• Abstract: For several months, it has seemed likely that the Trump administration would elect to pursue the reimposition, or snapback, of UN Security Council (UNSC) sanctions against Iran. For those less steeped in the terminology, the concept of sanctions “snapback” is one developed as part of the Joint Comprehensive Plan of Action (JCPOA). It refers to the ability of the United States and other partners to quickly reimpose the sanctions that were suspended as part of the quid pro quo that saw Iran accept significant restrictions and transparency requirements for its nuclear program. Conceptually, this was necessary because Iran had the ability to restart its nuclear program if the United States or others were seen as cheating on the deal. The United States and its partners needed some assurance that, if Iran were found to be cheating, they could react just as swiftly. On August 20, Secretary of State Mike Pompeo finally submitted the notification that, according to the US government, would trigger a 30-day timeline for the reimposition of these sanctions. In the US view there is now no stopping the return of the UNSC’s original Iran sanctions regime, though there may be some procedural wrangling over how and when the measures will be reimposed. It is not clear, however, whether this will be the case. A fair amount of analysis has gone into the fundamental question of whether the United States has the standing to trigger snapback, which is an issue I explored in 2019.[1] European, Russian, Chinese, Iranian, and other observers argue that the United States has no such standing, because, under the terms of the UN Security Council resolution that created the snapback mechanism (UNSCR 2231), it is no longer a “participant” of the JCPOA following its withdrawal in 2018. Even former National Security Advisor John Bolton—who was in large part responsible for the US withdrawal from the JCPOA—tends to agree with this reading.[2] The Trump administration obviously disagrees. It is an important question, and one that speaks to the underlying credibility and integrity of the US snapback decision as well as its results. But, ultimately, there is no way of finding a conclusive answer. International law being what it is, there are no authoritative arbiters available to determine whether the United States or its many critics are right. Snapback is happening and will have consequences, we now need to shift to considering what comes next. I see four main outcomes that are directly relevant to this decision and the future of US sanctions policy and negotiations.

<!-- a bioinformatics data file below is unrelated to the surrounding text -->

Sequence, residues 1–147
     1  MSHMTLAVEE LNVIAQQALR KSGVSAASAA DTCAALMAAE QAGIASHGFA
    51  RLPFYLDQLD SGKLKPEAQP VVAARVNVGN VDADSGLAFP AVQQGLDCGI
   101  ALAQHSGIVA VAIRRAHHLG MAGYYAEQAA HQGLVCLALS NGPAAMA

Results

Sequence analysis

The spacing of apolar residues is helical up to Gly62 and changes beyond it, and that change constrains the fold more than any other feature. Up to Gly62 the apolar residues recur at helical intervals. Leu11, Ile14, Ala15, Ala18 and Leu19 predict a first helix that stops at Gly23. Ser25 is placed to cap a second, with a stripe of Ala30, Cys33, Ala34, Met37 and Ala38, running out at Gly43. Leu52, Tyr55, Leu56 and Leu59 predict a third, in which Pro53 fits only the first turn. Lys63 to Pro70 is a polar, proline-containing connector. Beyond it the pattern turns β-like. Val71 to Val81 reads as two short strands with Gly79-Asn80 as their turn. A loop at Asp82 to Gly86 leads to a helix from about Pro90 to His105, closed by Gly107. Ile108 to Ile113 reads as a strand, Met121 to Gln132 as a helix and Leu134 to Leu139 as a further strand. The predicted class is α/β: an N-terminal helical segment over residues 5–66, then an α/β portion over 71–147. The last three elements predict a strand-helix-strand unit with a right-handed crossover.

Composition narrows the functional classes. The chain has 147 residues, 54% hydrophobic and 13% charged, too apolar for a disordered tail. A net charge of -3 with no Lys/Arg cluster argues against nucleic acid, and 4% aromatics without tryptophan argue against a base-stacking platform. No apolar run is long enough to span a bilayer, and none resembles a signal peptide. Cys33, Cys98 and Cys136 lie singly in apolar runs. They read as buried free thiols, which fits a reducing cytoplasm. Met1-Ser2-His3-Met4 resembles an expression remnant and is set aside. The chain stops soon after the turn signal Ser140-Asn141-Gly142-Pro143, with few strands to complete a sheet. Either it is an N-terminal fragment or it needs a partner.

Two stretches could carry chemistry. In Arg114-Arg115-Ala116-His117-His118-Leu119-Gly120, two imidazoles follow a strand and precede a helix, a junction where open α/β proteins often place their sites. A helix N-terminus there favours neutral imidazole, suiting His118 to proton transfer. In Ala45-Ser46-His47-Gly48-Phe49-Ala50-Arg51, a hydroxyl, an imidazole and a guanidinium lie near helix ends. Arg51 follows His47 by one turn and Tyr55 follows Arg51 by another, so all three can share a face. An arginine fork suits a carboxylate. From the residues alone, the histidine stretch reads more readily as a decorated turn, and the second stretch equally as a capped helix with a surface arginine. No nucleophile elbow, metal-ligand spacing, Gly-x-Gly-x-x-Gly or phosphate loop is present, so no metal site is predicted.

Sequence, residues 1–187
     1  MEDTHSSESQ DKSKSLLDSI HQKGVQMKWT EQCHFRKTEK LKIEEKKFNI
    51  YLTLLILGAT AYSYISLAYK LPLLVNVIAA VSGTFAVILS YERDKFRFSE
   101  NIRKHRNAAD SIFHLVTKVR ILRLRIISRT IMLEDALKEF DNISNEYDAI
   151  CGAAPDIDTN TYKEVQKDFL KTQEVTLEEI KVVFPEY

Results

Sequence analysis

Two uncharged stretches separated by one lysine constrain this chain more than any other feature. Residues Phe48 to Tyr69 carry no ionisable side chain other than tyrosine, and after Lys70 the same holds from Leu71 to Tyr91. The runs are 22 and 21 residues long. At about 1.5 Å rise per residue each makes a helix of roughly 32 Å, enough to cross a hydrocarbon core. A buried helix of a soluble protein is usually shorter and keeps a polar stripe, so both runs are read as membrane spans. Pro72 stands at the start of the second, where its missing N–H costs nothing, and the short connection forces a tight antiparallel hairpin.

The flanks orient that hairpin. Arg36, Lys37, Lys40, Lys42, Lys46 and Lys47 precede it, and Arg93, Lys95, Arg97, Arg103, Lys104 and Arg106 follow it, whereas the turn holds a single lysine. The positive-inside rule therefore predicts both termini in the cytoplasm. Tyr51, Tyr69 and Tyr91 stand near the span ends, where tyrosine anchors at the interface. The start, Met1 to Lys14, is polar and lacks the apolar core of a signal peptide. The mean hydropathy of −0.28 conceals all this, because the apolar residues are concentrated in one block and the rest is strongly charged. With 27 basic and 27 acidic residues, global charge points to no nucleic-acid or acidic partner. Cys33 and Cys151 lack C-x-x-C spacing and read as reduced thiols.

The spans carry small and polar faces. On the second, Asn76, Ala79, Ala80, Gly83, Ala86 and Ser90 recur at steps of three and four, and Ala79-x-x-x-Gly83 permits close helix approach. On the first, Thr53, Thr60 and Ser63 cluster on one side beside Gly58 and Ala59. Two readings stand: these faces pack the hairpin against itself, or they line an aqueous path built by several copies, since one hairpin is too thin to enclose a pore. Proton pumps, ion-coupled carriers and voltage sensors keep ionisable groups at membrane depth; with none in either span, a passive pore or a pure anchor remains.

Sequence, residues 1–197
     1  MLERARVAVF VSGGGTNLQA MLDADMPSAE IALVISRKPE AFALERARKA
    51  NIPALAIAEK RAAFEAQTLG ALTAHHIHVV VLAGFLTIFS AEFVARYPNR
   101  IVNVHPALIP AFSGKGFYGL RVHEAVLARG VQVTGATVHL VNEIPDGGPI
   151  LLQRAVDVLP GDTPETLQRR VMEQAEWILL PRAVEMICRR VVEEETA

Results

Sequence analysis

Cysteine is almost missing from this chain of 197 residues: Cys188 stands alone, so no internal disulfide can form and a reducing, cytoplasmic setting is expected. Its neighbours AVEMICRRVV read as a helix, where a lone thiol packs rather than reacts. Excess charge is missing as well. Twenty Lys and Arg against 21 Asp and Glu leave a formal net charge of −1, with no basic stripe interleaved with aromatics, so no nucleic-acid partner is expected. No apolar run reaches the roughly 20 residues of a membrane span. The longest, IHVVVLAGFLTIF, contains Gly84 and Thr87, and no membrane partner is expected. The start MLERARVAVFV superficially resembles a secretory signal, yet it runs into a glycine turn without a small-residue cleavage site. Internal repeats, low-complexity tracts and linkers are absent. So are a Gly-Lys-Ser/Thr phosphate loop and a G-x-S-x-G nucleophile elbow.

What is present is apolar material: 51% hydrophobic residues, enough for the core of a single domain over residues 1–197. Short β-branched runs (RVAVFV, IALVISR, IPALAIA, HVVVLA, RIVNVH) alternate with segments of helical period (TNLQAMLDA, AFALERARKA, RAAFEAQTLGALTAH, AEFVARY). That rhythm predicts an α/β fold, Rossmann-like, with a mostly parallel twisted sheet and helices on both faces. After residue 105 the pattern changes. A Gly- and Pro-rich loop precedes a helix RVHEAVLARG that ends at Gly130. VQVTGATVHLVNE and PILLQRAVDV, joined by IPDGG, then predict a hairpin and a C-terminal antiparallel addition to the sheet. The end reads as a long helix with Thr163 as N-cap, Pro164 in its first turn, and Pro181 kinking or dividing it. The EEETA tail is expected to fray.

• Topic: Arms Control and Proliferation, Nuclear Weapons, United Nations, Military Strategy, Sanctions, JCPOA
  • Political Geography: Iran, Middle East, North America, United States of America
  • Author: Rose Gottemoeller, Steven Hill
  • Publication Date: 12-2020
  • Content Type: Working Paper
  • Institution: Istituto Affari Internazionali